By Christopher Tobutt
Dr. Carlos Perez-Mitchell has been at the forefront of new techniques in robotic surgery, which allow surgeons to perform operations in places of the human body that are otherwise very difficult to access. Robotic surgery has enabled him to operate on cancers of the head and neck, which is his specialty. He was recently sharing medical information at a cancer conference in the Cayman Islands, and Dr. Perez-Mitchell believes that some of this information was important to share with the general public, because it involves way to prevent the spread of human papillomavirus; a virus which has a direct relationship with cancers of the throat.
“We are seeing these types of cancer of the throat more and more in younger patients. 20 years ago we used to see these type of cancers was almost exclusively in an older population of smokers and drinkers. That has changed 180 degrees,” he said. “People catch it by engaging in oral sex. That is why we have some strong campaigns, at least in the United States, for vaccination against this virus. The vaccine covers nine different strains of the virus. One of the strains that it covers is Strain 16, and if you get infected with this particular strain then your chances of developing cancer of the throat increases thirty fold.”
The good news is that the vaccine is available, and effective against the spread of the main cancer-causing strain of the papillomavirus. “If everyone gets vaccinated, we should see this cancer disappearing,” he said. The bad news is that not enough people know about the dangers of engaging in oral sex, and not enough people know about the availability of the vaccine, either.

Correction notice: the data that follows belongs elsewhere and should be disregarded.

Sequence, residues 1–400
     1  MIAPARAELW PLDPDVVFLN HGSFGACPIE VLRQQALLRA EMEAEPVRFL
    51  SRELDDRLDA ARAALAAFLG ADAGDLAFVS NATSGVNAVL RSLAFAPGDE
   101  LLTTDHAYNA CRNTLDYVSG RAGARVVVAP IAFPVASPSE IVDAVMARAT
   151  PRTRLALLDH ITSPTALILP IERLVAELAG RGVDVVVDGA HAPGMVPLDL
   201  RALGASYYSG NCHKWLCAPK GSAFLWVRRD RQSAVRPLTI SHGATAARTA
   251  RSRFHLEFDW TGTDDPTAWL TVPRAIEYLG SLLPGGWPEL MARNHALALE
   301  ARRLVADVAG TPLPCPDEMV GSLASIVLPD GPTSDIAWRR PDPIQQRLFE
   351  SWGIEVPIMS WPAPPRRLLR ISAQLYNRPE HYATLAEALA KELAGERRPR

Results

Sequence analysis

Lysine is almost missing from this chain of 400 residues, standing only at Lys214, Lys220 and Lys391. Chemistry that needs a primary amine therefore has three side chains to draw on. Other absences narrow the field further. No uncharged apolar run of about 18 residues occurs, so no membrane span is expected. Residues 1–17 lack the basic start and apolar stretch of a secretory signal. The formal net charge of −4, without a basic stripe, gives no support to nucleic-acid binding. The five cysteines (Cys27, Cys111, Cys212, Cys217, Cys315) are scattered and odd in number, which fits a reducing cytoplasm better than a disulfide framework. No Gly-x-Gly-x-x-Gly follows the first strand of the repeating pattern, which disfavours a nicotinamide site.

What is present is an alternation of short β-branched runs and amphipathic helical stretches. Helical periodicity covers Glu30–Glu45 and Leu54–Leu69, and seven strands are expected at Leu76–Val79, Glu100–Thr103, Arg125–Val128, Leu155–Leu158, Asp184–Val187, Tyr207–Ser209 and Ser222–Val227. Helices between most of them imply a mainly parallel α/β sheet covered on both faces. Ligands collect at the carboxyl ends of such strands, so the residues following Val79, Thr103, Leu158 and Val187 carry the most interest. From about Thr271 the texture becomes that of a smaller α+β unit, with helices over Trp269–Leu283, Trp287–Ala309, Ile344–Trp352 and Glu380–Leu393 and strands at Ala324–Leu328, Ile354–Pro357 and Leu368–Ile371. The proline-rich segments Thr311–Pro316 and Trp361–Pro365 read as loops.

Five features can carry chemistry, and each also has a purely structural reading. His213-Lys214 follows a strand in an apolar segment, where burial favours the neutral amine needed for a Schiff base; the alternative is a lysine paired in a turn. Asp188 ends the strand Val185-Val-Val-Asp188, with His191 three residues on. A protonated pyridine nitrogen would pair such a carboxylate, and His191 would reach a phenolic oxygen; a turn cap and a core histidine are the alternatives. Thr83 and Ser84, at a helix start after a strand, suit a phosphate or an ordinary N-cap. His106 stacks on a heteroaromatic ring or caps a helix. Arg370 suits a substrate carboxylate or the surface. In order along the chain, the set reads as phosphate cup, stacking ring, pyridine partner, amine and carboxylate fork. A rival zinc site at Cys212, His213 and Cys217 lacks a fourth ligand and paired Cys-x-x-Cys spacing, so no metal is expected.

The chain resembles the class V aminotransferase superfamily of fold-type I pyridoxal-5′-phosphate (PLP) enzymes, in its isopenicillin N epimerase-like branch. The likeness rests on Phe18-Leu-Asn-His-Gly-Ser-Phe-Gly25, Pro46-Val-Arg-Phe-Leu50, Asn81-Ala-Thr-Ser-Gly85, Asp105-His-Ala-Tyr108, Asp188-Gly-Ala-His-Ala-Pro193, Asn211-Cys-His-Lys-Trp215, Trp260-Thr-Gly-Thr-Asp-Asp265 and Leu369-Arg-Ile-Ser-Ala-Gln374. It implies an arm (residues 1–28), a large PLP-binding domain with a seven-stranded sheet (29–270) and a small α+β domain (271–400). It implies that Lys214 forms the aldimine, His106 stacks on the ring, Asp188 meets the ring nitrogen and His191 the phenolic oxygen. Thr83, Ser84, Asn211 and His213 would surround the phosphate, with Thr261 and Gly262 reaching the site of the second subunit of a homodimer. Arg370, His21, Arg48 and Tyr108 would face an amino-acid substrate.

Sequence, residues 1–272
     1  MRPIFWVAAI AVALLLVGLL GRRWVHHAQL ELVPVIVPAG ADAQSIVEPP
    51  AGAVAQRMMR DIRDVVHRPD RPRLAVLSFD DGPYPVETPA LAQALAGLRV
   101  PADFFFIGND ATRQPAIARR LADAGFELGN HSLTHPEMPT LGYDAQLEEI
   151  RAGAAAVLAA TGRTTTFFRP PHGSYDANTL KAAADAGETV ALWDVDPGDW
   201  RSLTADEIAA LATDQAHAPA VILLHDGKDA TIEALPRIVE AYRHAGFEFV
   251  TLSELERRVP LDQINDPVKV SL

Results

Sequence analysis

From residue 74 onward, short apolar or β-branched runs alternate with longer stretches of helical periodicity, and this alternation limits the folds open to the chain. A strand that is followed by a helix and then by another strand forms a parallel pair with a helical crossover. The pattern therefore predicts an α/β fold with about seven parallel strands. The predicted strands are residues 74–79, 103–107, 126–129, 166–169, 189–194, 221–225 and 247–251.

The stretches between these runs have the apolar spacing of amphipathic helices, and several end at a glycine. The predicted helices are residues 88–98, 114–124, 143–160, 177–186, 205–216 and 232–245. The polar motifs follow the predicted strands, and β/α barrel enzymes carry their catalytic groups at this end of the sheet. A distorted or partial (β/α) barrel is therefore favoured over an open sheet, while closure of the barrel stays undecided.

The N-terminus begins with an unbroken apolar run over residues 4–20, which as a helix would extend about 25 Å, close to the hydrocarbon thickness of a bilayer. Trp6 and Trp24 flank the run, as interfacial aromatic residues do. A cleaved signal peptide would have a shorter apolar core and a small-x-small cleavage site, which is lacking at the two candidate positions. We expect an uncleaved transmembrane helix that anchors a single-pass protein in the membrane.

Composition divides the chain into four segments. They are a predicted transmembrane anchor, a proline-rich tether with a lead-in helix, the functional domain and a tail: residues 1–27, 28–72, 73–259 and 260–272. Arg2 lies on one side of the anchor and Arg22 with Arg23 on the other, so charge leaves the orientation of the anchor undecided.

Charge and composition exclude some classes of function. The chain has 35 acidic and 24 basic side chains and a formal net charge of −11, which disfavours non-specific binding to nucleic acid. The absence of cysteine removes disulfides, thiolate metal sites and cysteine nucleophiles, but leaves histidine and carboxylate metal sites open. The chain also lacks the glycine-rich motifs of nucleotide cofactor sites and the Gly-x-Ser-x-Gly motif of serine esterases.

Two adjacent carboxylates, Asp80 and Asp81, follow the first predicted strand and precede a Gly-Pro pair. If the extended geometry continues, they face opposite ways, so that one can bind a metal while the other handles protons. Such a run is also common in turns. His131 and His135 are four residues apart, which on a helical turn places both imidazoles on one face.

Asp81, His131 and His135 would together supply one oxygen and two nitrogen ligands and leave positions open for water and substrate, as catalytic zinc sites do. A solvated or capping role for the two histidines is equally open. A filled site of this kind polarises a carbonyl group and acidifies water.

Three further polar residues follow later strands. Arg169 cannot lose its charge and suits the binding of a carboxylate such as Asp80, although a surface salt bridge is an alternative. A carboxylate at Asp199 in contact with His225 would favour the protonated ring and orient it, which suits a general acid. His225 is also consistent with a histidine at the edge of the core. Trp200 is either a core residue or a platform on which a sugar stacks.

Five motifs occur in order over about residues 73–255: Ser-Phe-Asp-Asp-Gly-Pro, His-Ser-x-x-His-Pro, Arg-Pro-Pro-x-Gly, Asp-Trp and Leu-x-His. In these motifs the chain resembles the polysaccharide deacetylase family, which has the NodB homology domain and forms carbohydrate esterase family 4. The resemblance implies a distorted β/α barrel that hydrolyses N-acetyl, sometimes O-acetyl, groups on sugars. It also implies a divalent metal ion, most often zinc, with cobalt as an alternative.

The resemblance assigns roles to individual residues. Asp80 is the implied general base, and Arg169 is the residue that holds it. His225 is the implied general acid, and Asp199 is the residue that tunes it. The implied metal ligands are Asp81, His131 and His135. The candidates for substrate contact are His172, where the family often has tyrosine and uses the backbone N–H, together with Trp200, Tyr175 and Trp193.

But it isn’t solely transmitted through oral sex: “The reality is you can sometimes get the virus by French-kissing, too,” he explained. “It’s very virulent – that means it is very easy to transmit,” he said. Dr. Mitchell Perez wants to spread the good news about the vaccine, and the bad news about the dangers of the cancer the virus can cause.
Talking about his career in the field of robotic surgery, Dr. Perez-Mitchell said that after he graduated from medical school in 2001, Dr. Perez Mitchel who is now based in South Florida and part of the Memorial Healthcare System sought more specialist training in the area of the ear, nose and throat. “My biggest breakthrough was being in the right place at the right time,” he said. “When I was in the University of Pennsylvania, I was fortunate enough to be trained by Dr. Gregory Weinstein who was the inventor of a robotic technique, called Trans-Oral Robotic Surgery. That technique became approved by the FDA in December of 2009.”
Robotic surgery not only makes surgery of the throat and neck easier and more practical, it also comes with the benefit of not being so intrusive or traumatic. Before, surgery in this area of the body involved cutting the lower lip, and an extensive area of the lower jaw to gain access to the affected area. “That’s a longer surgery where patients spend more time in the hospital, and the patients wind up with a feeding tube and a tracheostomy tube, The surgery was extremely morbid, mutilating I could say,” he said. The new robotic system is called the Davinci Robot, and the relative ease which the technique provides makes the recovery time much quicker. “It has three components. One of them is like a consul, as if you were playing a video game. Then there is another device – which is called the patients cart, which has tentacles. It has different arms, and each arm is capable of receiving a specific instrument,” he said. One of the arms contains a camera, so that the surgeon can see the operation. “Our advantage is we have a means of accessing the cancer through the mouth. The access is pretty rapid, and it is there for us.” He said.
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